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Alan Woods, Marxist author and writer for Socialist Appeal, appeared on BBC's Newsnight on Wednesday 6th March to speak about the late Hugo Chavez and the Venezuealan Revolution. We publish here links to this interview along with a letter from a supporter of Socialist Appeal.

Alan Woods appeared on BBC's Newsnight on Wednesday 6th March. The part of the programme where he is interviewed can be viewed on Youtube and the full programme is available on BBC iPlayer (UK only). The article in Western Mail (Wales) has also been published and can be read on their website. Finally, on Sunday an interview with Alan will appear in Últimas Noticias, Venezuelas biggest daily paper whose Sunday edition has a circulation of more than 300,000.

Below is a letter from a Socialist Appeal supporter regarding the coverage by Newsnight of Chavez's death and the situation in Venezueala.

What is the BBC afraid of?

On March 6th, 2013, BBC 2’s Newsnight programme spent 15 minutes 55 seconds covering the issue of the untimely death of Hugo Chavez, President of Venezuela. In all there were six contributors to the programme in addition to the presenter Gavin Essler.

One of the contributors, the British-Venezuelan film maker Pablo Navarrete, was in the studio: two were on tape – Economics Editor Paul Mason and British Marxist Alan Woods: and three were interviewed by satellite – from Caracas, Samuel Moncada, Venezuelan Ambassador to Britain; from the USA, W.J.Dobson, a reactionary right wing American author whose book is called The Dictator’s Learning Curve; and from Argentina the even more reactionary Emilio Cardenas, former Argentinean Ambassador to the UN.

One of the guests, Alan Woods, founder of the international campaign Hands off Venezuela, was correctly billed as a British Marxist, a close associate/confidante of Chavez and Paul Mason correctly stated that Chavez had read Alan’s books. So of all the guests on the programme you would have thought that the man who knew Chavez the best both personally and politically, Alan Woods, would be given some prominence.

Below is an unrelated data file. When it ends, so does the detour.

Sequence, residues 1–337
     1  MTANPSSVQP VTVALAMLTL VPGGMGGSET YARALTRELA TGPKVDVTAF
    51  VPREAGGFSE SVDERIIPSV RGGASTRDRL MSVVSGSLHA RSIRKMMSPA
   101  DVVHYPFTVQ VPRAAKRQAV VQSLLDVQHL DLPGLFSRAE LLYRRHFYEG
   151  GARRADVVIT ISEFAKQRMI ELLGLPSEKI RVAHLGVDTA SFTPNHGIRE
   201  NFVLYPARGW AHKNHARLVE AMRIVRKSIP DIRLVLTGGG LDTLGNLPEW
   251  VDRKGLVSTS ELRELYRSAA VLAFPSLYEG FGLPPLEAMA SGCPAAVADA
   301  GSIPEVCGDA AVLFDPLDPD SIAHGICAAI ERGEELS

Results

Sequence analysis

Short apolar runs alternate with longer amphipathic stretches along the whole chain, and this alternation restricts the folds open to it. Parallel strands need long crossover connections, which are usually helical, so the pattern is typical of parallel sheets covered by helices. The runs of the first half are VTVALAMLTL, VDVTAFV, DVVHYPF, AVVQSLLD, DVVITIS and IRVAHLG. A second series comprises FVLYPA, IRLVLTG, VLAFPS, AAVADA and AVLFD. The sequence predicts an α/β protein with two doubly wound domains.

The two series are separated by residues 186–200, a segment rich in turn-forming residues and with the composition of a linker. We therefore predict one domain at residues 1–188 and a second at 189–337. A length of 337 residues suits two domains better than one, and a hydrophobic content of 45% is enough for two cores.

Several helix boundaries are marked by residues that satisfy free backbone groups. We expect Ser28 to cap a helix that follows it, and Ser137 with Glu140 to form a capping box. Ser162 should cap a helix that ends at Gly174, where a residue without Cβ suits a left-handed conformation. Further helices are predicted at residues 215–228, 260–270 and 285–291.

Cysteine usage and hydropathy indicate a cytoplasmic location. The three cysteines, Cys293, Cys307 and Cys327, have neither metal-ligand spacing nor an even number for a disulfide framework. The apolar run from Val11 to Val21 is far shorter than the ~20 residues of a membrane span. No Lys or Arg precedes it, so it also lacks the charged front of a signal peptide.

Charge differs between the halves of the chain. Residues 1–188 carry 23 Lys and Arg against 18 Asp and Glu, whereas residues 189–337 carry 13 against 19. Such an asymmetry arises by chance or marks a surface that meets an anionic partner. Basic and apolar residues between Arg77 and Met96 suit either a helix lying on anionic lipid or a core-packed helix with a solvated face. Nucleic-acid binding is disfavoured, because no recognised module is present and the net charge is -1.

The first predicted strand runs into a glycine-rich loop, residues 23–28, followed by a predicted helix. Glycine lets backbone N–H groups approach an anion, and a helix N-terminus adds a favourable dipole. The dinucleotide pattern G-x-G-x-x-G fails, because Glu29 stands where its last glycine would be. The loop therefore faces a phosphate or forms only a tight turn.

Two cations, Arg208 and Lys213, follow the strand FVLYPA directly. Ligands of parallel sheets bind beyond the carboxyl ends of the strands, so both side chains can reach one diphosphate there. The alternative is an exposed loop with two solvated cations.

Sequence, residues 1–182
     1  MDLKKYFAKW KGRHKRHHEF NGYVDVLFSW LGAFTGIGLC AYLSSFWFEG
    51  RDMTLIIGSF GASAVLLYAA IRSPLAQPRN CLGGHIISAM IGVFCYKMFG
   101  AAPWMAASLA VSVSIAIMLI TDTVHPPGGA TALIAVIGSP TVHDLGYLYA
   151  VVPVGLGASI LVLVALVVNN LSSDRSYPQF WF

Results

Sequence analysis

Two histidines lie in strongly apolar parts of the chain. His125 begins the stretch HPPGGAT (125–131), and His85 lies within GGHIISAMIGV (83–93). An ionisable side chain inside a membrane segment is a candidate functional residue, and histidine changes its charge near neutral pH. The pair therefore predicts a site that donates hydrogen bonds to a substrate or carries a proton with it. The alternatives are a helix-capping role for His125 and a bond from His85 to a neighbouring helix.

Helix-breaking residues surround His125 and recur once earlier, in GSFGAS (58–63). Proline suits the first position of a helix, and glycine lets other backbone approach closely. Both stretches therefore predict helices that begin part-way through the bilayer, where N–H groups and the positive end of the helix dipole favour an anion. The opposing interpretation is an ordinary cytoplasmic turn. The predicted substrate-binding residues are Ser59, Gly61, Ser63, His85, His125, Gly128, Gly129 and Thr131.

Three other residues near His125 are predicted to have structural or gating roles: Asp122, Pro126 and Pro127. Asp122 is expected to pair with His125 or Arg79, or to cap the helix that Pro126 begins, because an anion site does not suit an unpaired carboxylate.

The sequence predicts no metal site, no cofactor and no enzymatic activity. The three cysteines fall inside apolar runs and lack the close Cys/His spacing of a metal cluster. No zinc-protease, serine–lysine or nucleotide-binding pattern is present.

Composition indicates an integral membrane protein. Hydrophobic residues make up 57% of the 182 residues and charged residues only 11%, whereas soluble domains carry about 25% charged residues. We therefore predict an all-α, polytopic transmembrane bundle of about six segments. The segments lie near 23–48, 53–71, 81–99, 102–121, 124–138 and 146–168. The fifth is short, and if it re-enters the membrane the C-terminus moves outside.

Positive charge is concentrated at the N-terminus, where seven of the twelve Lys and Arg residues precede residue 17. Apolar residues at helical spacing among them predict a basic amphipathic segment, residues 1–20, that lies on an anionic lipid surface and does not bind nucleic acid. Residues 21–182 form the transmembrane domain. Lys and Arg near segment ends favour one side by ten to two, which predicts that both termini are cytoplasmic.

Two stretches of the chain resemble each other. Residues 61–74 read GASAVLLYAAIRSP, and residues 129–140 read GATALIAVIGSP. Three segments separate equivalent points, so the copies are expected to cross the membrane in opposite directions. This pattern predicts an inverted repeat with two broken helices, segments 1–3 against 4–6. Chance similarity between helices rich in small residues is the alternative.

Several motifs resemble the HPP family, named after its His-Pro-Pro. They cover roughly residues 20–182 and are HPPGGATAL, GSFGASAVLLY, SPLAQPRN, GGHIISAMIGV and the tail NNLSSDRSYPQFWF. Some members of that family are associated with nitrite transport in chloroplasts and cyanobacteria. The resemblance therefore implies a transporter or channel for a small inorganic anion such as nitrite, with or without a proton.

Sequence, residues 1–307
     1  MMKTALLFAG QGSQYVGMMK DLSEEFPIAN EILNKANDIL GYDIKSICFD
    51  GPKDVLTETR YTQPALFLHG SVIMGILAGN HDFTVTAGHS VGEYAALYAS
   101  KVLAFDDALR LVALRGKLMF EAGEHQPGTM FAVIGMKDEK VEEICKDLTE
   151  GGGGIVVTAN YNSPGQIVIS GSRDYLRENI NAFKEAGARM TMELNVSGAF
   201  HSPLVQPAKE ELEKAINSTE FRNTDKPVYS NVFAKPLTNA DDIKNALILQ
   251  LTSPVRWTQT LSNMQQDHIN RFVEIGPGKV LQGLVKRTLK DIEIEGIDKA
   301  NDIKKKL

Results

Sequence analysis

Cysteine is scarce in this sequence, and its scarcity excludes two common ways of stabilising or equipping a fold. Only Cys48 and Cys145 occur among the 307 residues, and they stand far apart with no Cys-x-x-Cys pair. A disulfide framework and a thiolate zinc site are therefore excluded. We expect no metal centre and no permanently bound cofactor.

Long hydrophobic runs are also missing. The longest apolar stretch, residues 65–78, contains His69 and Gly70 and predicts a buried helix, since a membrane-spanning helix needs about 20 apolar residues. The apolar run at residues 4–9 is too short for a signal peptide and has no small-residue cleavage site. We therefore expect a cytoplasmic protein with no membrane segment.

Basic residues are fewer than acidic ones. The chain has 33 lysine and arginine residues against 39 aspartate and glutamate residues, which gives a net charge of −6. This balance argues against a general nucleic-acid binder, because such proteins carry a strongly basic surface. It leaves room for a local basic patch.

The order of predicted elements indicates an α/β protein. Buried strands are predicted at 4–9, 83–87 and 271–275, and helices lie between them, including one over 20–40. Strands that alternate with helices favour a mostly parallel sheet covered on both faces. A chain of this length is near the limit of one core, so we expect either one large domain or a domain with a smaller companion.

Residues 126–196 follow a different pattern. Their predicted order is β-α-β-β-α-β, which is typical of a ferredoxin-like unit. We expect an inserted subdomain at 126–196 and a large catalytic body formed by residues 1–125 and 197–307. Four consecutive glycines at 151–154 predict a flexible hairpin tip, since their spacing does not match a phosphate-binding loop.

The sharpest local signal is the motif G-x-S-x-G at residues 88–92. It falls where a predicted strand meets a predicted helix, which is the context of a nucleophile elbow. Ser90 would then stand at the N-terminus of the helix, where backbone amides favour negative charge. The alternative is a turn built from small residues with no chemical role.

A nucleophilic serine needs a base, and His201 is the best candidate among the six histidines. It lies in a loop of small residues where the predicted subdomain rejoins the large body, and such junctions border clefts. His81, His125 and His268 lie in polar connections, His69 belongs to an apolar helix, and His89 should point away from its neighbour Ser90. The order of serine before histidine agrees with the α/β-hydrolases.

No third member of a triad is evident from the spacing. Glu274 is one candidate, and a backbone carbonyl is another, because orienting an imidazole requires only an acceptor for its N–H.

But this is the BBC and up to the airing of this programme the output of the BBC was overwhelmingly anti-Chavez with the favoured adjective on the lips of every BBC journalist covering the death of Chavez – divisive.

Newsnight did not disappoint. It would be worth any reader of this short article accessing the Newsnight slot on iPlayer to see once again the bias of the BBC, especially the reactionary presenter Gavin Essler.

Essler’s opening sentence clearly indicated the way that the programme would go. He opened with a question? “Did he (Chavez) waste billions of dollars in oil wealth or bring a degree of social justice to the poor?” The order of information in this question – from the negative to the positive – set the tone for the rest of the programme slot.

Here are the contributors, the times they had to make a contribution and some of their comments.

Samuel Moncada, a balanced summary of the legacy of Chavez – 2 minutes 57 seconds. And Samuel’s contribution was continually interrupted by Essler.

Paul Mason gave some facts and some relevant comments, especially the one that stated that what has happened in Venezuela is not, so far, socialism, but the capitalism of redistribution, a pro-poor capitalism. Paul had 3 minutes 10 seconds.

W.J.Dobson, called Chavez every kind of dictator and anti-democrat – thankfully only 37 seconds.

Emilio Cardenas, who had some very interesting views on democracy – it must look and be democratic! And where did he stand on the issue of the post-Chavez era? The Opposition will have the chance to rebuild the economy!! 2 minutes 7 seconds.

Pablo Navarette, a polite and quietly spoken well known man who was interrupted by Essler, gave a balanced view of what has been achieved in the Bolivarian revolution – 2 minutes 18 seconds.

And finally, the contribution from Chavez’s confidante, the British Marxist (I think he would rather be called the Welsh Marxist) Alan Woods, with interruptions from Paul Mason – 60 seconds.

So the contributor who was billed as being closest of all to Comandante Hugo Chavez gets…60 seconds.

I know Alan well and like Chavez I have read his books on Venezuela so I am pretty confident that Alan would have spoken for a lot longer than 60 seconds on Chavez and the Bolivarian Revolution.

So, I repeat the question. What is the BBC afraid of?

Darrall Cozens, member of UCU, Coventry TUC and Coventry NW Labour Party – and also a Welsh Marxist.